Spokane Journal of Business

Uncle Dan's dresses up sales

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Uncle Dan's dresses up sales
-—Staff photo by Treva Lind
Uncle Dan's Inc. President Chris Stephens says the company currently sells about 35,000 cases of product a year.

Spokane-based Uncle Dan's Inc., a maker of salad dressing mixes for 47 years, has whisked up wider wholesale distribution after its bleu cheese variety became the official dip for a hot-wings eating contest in Philadelphia, called Wing Bowl.

Uncle Dan's makes dry-ingredient seasoning and salad dressing mixes sold in packets at grocery stores for customers to take home and blend with ingredients such as buttermilk and mayonnaise. For decades, the company has distributed to grocery stores in the Northwest and western Canada.

The Wing Bowl, which was held Feb. 1, is staged annually in Philadelphia near the date of the Super Bowl and draws more than 21,000 people to cheer on 30 contestants.

"Wing Bowl brought us great exposure; we've picked up five stores and a distributor in Philadelphia," says Chris Stephens, the company's president and general manager. "We'll be launching our new food service line for the first time in commercial-sized containers for use by restaurants and institutions."

Uncle Dan's, which employs four people here, operates its headquarters and product distribution from a 3,000-square-foot office and adjacent warehouse located at 623 N. Hogan east of downtown. Its dressing mixes are manufactured in Kent, Wash.

The company's products sold online account for only about 10 percent of sales, Stephens says, adding that the company's main emphasis is wholesale distribution to grocery stores. The office here fills direct orders from stores and works with distributors, he adds.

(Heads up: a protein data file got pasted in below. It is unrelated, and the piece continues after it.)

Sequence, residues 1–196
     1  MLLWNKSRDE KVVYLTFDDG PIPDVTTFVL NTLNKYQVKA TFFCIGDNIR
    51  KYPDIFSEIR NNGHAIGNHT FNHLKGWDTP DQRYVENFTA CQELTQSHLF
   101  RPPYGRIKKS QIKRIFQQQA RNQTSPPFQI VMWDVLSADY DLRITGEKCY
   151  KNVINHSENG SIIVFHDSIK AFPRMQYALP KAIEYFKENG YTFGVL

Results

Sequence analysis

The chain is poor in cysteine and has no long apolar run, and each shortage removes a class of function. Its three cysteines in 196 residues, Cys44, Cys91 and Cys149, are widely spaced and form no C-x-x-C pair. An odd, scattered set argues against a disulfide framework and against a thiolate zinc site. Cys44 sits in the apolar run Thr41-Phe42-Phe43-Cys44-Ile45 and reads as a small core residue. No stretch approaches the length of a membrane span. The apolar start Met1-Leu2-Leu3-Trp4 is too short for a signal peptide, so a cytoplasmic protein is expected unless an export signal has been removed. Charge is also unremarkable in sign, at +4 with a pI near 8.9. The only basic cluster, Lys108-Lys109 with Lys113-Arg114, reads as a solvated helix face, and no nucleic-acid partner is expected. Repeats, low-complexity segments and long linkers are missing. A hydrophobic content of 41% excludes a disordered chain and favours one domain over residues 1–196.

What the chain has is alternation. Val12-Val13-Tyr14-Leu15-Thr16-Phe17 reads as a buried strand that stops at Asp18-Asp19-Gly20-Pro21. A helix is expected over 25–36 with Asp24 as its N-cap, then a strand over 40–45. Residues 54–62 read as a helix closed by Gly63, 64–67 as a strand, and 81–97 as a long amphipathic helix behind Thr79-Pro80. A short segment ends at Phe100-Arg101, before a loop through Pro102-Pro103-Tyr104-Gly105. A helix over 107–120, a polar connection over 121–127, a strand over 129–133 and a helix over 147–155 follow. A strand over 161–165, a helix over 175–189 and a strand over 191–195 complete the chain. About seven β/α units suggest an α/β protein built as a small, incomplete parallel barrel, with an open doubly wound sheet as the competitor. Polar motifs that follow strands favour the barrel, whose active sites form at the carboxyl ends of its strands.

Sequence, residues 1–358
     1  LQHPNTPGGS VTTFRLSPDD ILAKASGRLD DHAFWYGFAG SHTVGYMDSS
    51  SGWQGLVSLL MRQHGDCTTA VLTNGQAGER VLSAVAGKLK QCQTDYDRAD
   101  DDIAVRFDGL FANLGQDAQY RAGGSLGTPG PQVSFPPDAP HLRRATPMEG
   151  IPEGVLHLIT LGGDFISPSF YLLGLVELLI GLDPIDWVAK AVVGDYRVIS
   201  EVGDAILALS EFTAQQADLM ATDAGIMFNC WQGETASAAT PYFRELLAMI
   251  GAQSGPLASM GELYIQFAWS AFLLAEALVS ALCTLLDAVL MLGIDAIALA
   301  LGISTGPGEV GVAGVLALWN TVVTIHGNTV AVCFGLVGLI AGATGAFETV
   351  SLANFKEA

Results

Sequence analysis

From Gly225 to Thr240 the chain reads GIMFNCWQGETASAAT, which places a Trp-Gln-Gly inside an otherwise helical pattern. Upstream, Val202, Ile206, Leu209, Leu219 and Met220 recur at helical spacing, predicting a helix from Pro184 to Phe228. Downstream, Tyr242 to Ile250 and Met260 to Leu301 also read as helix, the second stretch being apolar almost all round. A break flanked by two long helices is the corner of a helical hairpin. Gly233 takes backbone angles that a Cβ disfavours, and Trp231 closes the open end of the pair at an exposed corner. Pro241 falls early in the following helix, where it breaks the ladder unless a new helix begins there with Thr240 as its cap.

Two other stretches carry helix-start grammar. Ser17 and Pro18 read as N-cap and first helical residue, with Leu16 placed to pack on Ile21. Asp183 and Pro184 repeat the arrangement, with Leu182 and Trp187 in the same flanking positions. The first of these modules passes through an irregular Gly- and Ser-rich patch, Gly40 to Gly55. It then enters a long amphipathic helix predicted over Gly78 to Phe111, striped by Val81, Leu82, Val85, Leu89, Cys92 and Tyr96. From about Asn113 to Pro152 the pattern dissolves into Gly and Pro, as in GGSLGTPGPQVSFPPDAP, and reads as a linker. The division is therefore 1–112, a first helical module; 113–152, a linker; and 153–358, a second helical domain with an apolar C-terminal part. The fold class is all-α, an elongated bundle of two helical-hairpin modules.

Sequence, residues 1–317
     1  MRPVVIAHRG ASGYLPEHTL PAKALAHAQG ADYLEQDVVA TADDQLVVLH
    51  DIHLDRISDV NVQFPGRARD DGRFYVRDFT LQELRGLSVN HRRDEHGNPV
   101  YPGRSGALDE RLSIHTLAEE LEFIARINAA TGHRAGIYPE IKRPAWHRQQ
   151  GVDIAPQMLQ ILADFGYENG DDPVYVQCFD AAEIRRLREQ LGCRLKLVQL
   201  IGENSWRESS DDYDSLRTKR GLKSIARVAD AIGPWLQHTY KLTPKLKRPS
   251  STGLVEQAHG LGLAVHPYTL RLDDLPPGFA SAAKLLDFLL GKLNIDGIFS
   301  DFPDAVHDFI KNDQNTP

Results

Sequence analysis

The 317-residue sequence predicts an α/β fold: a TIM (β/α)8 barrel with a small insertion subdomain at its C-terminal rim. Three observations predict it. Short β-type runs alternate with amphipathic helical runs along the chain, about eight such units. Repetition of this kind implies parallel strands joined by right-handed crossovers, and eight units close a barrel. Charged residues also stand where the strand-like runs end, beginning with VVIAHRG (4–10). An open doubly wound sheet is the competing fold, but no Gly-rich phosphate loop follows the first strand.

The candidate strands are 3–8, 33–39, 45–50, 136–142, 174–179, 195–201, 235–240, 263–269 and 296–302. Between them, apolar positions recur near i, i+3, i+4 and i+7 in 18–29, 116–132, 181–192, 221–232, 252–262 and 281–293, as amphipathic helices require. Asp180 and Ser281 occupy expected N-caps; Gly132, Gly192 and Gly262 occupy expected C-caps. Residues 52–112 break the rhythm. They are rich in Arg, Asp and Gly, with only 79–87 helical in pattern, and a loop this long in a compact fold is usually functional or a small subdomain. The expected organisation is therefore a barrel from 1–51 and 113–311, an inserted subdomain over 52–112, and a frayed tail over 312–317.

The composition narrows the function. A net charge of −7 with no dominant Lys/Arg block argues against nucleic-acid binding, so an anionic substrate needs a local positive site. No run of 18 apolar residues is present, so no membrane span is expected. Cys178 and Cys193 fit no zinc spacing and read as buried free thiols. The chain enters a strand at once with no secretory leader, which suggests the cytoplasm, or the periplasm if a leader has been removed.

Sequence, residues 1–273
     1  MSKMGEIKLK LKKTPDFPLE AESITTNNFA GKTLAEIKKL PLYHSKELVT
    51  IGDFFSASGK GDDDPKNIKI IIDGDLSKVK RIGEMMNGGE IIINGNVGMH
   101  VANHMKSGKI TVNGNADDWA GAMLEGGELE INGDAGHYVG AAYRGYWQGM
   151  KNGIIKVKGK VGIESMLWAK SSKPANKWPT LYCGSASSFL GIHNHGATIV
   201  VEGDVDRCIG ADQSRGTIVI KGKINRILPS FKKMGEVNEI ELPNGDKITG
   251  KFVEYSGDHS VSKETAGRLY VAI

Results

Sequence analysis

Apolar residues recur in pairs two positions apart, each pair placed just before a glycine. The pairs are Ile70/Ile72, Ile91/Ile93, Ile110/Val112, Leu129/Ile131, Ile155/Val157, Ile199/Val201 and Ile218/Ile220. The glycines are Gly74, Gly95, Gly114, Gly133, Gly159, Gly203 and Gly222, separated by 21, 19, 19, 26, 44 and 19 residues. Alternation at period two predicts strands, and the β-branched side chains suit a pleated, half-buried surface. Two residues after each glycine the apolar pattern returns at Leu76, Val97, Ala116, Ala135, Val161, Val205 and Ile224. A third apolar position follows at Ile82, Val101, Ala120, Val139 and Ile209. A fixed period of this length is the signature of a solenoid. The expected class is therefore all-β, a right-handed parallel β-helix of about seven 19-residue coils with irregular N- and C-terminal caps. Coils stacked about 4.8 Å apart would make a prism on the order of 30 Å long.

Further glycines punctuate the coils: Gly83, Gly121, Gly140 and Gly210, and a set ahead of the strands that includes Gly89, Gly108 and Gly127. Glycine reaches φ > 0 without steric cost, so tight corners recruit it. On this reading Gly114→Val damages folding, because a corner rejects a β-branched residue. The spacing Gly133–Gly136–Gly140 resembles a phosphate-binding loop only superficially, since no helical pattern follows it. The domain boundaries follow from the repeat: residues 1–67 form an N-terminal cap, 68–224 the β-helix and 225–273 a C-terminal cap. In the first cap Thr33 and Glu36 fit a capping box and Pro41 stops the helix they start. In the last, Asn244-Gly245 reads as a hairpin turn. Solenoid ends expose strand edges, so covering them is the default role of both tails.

In addition to bleu cheese, the company's mixes include its Original Southern Classic Ranch and other ranch dressing flavors that are distributed mostly in Washington, Idaho, Oregon, western Canada, and parts of Utah, Montana, and northern California.

Stephens declines to disclose Uncle Dan's annual revenues. He says, however, that the company currently sells about 35,000 cases of product a year, at 24 packets to a case. The average price is $2.50 per packet, which equates to roughly $2.1 million in retail products distributed annually.

He says sales have remained relatively flat the past five years.

Supermarkets here that carry Uncle Dan's products include Safeway, Rosauers, Fred Meyer, Albertson's, and Trading Co. Stores. It's pursuing distribution at WinCo Foods and Walmart stores, Stephens says.

"We're the No. 1-performing dry salad mix in western Canada based on dollar sales and case movement," he says. "In the U.S., we go toe-to-toe with Good Seasons. We go back and forth between second and third place."

HV Food Products Co., a subsidiary of Clorox Co., is a top producer in the U.S. with its Hidden Valley Ranch mix packets and bottled dressings. However, Stephens contends that Uncle Dan's has a loyal customer base among Northwest residents, many who have bought the products for years.

"If you were born and raised in Spokane, odds are you've had Uncle Dan's," he says. "We're now beginning to serve a fourth generation of customers."

Stephens also grew up with Uncle Dan's. His father, Dan Stephens, who is the company's owner, founded Uncle Dan's in 1966 in Yakima and created a secret blend of various spices still used today. Dan Stephens moved the company to Spokane in the mid-1990s.

Today, Chris Stephens oversees daily operations. His 72-year-old dad remains involved in larger business decisions but is mostly retired, he says.